Trailer coupler rebuild

Tebbsjeep

Well-Known Member
Location
Ogden
My trailer has a large amount of play in the coupler, and I'm wondering if it can be rebuilt. This is the style of coupler.
 

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Tebbsjeep

Well-Known Member
Location
Ogden
I bought it from a guy that got rear-ended in it. It messed the ramp up pretty good, but he told me he had Big Bubbas look it over and they gave it the ok. Obviously they missed the coupler being loose. It will raise off of the ball almost a half inch, but not come off completely. It tows very well other than that. I'll probably grab this coupler to replace it:

Coupler
 

xj_nate

Doctor, economist, polical expert, poser
Location
UT
I’m not a huge fan of that type of coupler but Chance uses hitches more in a year than I have in my whole life so if he says it’s good I believe him. I would however get an adjustable height one if I were to ever cut mine off and start fresh. It’s an easy security measure at the very least.
682A7BEA-1169-42A4-A1FC-83D553431953.jpeg
 

STAG

No longer on a beach
Location
Pleasant Grove
I’m not a huge fan of that type of coupler but Chance uses hitches more in a year than I have in my whole life so if he says it’s good I believe him. I would however get an adjustable height one if I were to ever cut mine off and start fresh. It’s an easy security measure at the very least.
View attachment 148712
It is true I’m a trailer towing slut, but that doesn’t mean other’s opinions aren’t valid. That’s why there are 31 flavors at Baskin Robins.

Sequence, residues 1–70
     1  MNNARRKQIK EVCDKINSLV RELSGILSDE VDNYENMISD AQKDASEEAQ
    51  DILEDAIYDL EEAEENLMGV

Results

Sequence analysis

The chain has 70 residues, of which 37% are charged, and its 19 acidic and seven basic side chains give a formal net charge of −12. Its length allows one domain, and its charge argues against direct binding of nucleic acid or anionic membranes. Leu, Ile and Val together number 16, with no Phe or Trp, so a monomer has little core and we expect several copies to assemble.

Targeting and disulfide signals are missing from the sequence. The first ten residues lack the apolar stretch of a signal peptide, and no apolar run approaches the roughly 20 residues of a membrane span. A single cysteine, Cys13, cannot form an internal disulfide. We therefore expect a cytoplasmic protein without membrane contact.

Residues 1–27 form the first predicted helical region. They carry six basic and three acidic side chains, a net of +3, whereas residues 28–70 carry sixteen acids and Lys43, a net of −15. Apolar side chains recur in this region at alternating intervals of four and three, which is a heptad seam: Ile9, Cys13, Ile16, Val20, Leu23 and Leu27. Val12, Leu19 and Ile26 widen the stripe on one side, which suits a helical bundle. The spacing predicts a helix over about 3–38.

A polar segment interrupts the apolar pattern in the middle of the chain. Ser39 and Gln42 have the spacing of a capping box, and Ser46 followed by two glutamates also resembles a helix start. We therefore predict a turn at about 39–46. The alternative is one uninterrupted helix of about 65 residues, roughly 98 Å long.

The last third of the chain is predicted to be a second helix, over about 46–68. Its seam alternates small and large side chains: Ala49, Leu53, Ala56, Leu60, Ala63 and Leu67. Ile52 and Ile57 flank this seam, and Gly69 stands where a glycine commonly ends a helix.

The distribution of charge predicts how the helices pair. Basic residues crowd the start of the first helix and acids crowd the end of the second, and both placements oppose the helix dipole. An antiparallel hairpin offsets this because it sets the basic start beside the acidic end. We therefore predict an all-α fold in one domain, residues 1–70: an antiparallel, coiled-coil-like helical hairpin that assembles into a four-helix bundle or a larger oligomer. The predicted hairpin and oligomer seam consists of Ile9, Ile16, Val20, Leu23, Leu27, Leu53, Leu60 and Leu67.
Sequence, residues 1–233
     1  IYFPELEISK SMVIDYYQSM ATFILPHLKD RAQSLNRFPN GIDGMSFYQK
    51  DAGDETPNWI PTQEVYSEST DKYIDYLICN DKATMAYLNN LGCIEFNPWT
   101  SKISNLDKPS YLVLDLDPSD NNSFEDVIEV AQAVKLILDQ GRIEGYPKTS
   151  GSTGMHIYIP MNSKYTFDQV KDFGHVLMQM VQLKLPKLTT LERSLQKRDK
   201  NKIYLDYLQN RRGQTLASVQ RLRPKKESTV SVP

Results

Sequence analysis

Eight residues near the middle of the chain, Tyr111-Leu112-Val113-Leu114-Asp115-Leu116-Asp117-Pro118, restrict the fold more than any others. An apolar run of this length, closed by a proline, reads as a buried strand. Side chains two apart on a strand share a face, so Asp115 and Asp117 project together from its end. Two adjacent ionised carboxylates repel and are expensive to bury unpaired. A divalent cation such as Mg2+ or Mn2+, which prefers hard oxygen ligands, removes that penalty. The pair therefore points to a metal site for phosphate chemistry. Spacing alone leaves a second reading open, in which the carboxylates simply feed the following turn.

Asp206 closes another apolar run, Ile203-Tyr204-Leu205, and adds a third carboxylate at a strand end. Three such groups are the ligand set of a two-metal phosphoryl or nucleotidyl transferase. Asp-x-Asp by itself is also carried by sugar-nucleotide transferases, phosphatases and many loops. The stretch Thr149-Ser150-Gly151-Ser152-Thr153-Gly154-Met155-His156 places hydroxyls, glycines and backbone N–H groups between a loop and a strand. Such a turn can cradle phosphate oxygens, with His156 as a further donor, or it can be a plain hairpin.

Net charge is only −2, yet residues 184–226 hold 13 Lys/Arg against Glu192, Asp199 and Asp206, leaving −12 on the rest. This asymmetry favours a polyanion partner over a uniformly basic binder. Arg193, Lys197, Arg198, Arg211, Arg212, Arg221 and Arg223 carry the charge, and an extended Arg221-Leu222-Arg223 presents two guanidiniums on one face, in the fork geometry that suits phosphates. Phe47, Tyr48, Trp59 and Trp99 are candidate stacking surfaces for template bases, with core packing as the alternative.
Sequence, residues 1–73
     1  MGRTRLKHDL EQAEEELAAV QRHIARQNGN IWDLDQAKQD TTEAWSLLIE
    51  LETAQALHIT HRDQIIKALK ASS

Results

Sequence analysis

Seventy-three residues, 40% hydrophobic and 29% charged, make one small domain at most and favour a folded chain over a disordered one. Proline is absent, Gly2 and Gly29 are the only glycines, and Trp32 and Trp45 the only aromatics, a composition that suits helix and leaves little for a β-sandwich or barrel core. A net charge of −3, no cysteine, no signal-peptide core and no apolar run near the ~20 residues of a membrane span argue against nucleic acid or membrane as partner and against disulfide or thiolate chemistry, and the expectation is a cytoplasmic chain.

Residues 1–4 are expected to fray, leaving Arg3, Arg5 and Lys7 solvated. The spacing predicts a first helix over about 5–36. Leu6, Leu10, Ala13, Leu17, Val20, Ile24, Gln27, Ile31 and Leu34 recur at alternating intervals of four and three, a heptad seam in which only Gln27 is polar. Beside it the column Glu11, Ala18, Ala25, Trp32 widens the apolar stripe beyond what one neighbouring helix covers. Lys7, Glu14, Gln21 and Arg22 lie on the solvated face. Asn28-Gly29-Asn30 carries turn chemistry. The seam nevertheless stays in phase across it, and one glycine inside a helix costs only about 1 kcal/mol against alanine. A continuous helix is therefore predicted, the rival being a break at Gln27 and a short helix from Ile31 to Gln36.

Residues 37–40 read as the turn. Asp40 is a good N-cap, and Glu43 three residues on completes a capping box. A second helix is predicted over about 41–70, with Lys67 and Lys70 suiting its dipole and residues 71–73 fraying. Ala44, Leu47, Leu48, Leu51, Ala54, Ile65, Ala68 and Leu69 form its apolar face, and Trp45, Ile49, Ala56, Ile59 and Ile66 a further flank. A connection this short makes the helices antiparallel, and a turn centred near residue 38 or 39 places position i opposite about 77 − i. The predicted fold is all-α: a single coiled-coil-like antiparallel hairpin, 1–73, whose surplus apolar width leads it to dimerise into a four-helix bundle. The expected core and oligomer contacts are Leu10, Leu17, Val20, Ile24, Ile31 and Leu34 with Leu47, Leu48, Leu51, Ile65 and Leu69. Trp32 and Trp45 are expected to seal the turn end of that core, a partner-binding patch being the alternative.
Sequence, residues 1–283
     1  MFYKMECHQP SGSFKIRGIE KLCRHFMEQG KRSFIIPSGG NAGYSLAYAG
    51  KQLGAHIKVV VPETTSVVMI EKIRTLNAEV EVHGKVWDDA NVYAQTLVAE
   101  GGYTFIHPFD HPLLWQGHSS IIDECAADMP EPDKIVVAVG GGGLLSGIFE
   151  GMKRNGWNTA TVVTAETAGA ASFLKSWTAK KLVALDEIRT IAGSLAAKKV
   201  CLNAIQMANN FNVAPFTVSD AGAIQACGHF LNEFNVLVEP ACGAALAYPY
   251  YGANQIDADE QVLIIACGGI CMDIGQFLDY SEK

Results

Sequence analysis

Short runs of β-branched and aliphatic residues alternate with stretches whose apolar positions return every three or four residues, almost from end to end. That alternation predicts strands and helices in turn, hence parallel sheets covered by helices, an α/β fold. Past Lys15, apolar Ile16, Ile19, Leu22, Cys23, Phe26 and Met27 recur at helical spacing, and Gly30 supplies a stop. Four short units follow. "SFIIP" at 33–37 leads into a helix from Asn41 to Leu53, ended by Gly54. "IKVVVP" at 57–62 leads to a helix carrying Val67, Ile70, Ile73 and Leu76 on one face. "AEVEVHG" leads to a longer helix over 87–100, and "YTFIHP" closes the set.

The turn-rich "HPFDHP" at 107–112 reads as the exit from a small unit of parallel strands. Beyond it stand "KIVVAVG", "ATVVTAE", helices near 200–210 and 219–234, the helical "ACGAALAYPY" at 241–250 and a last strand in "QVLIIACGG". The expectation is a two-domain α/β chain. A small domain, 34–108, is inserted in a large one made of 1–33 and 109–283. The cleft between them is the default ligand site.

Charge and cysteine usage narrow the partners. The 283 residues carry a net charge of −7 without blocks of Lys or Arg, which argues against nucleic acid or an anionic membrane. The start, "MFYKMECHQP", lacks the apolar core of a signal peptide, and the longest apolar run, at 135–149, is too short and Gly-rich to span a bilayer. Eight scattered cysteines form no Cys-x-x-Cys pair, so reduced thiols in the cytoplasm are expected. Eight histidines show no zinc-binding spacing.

As with any hitch coupling they are not indestructible. But in an industrial setting where couplers see little to no care from their user, I feel like they are the most maintenance free out of all the ball hitches. They tend to still work at a secure coupling even when rusty and old.
 

STAG

No longer on a beach
Location
Pleasant Grove
I’m not a huge fan of that type of coupler but Chance uses hitches more in a year than I have in my whole life so if he says it’s good I believe him. I would however get an adjustable height one if I were to ever cut mine off and start fresh. It’s an easy security measure at the very least.
View attachment 148712
They do make a collar coupler for those adjustable channels, too 👌🏼
93A8EE75-8D6B-4603-A386-60DCD01D7AC4.png
 
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Tebbsjeep

Well-Known Member
Location
Ogden
I don't know if I need that fancy of a setup. I didn't pay that much for it, and it's only got a 2999 GVWR/single axle. I don't know if it's that desirable to steal.
 

Hickey

Premium Member
Supporting Member
I’m not a huge fan of that type of coupler but Chance uses hitches more in a year than I have in my whole life so if he says it’s good I believe him. I would however get an adjustable height one if I were to ever cut mine off and start fresh. It’s an easy security measure at the very least.
View attachment 148712
This one.

They do make a collar coupler for those adjustable channels, too 👌🏼
View attachment 148714
Plus this one.